Paralympic Wheelchair Tennis FAQ

When is the Paralympic Wheelchair Tennis competition?

1-8 September

Where will the Paralympic Wheelchair Tennis take place?

The Paralympic tennis event will take place at Eton Manor, the only purposed-built London 2012 Paralympic venue.
Situated towards the north end of Olympic Park, Eton Manor features nine competition courts, all designed in striking blue color, and four practice courts. The venue is based on the grounds of the old Eton Manor Sports Club, once a popular community sports facility in the 1990s.

When did Wheelchair Tennis first appear in the Paralympics?

After featuring as an exhibition sport at the Seoul 1988 Paralympic Games, Wheelchair Tennis was introduced as a full medal event at the Barcelona 1992 Games, and has featured at every Games since then.
Quad events have been added in Athens in 2004.

How is Wheelchair Tennis played?

Wheelchair tennis follows the same rules as able-bodied tennis. Except the ball is allowed to bounce twice. The second bounce can be either inside or outside the court boundaries.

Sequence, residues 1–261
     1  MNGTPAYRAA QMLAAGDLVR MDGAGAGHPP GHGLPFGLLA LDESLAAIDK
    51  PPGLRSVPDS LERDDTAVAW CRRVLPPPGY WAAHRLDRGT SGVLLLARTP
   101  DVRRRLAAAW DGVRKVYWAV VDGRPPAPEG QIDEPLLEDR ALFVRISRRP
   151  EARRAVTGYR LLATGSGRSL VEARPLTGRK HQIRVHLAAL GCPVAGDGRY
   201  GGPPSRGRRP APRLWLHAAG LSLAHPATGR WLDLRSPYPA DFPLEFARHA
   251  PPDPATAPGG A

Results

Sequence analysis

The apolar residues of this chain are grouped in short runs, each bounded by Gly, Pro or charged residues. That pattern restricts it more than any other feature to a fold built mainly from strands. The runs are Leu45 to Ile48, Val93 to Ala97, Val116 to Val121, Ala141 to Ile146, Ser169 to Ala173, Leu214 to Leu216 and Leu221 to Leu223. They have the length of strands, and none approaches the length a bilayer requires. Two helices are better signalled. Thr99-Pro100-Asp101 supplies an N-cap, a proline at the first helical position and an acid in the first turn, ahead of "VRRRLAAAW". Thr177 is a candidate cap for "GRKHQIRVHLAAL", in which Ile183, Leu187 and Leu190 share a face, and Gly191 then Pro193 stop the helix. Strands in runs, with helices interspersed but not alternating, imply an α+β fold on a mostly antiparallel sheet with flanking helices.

How many gold medals are up for grabs?

6. There are six medal events to be contested: men’s and women’s Singles, men’s and women’s Doubles, Quad Singles and Quad Doubles. Quad players have an impairment that affects three or more limbs.

Who are the favorites?

Women: Unbeaten in over 460 singles matches since 2003, Dutch Esther Vergeer is a sure thing for the podium. She bids for her fourth successive singles medal at London 2012. Her toughest competitors will be compatriots Aniek van Koot and Jiske Griffioen, as well as Sabine Ellerbrock from Germany.

Men: The competition is wide open in the men’s event. Shingo Kunieda of Japan could become the first player to win two men’s singles Paralympic titles. But he has plenty of strong challengers. They are headed by world number one Stéphane Houdet of France and Maikel Scheffers and Ronald Vink of the Netherlands.
Young Argentinian Gustavo Fernandez could also cause a surprise.

Quad: This could come down to a duel between two longtime rivals: American David Wagner, who earned a bronze at Beijing and gold at Athens, and Great Britain’s Peter Norfolk – nicknamed The Quadfather – who took the gold in Athens and Beijing.

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